The FINANCIAL — New research suggests that rising childhood obesity rates are causing more adolescents to develop a debilitating hip disease requiring urgent surgery.
Slipped Capital Femoral Epiphysis (SCFE) is a disease that occurs amongst teenagers, affecting 1 in 2,000 children. The hip deforms, and sometimes completely collapses, causing pain and life-long disability. Early recognition and treatment of the disease is important to minimise the severity.
Nevertheless, SCFE is one of the most common reasons for a hip replacement in young adults, and sometimes even children. Surgeons have long believed obesity may be responsible, though there was no substantial proof until now.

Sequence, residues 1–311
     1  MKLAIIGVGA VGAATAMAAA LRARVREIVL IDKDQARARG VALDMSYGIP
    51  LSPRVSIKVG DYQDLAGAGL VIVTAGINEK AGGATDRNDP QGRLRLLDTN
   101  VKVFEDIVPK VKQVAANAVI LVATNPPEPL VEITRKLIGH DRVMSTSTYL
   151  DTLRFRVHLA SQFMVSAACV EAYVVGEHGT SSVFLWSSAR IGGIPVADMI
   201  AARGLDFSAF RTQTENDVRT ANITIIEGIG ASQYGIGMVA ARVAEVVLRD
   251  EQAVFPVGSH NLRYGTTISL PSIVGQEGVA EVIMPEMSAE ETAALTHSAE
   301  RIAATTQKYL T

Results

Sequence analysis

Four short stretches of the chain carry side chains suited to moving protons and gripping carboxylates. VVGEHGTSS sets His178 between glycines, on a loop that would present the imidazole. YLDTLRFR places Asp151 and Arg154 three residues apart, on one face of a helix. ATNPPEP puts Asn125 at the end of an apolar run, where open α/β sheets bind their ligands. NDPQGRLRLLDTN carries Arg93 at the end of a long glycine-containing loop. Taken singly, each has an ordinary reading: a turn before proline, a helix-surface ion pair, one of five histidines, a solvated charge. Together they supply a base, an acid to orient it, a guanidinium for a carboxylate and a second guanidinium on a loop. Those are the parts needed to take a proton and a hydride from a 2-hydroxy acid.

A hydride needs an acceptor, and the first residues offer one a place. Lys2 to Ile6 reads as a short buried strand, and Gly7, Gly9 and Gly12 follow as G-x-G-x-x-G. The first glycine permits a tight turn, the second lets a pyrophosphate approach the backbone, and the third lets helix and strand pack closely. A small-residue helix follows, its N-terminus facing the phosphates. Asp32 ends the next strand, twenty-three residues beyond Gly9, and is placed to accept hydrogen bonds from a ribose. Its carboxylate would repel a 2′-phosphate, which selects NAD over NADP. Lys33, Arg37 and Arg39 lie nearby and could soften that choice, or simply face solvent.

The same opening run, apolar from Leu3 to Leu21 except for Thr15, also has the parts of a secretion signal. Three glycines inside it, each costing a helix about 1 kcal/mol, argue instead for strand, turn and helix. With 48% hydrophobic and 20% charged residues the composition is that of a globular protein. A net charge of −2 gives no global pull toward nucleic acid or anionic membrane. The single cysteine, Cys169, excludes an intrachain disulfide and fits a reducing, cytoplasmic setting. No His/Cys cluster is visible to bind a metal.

The study, published in Pediatrics , was conducted by researchers from the University of Liverpool, University of Oxford, University of Aberdeen and Alder Hey Children’s Hospital.
The study looked at body mass index (BMI) for nearly 600,000 children in Scotland, where BMI measurements are collected through routine school health screening. Using this very large cohort of children, the researchers showed that children obese at 5 years old, had a 75% likelihood of remaining obese when they were 12 years old. Most crucially, children with severe obesity at 5 years old, had almost 20 times the subsequent risk of developing SCFE than a thin child. The greater the BMI of the child, the greater the risk of SCFE.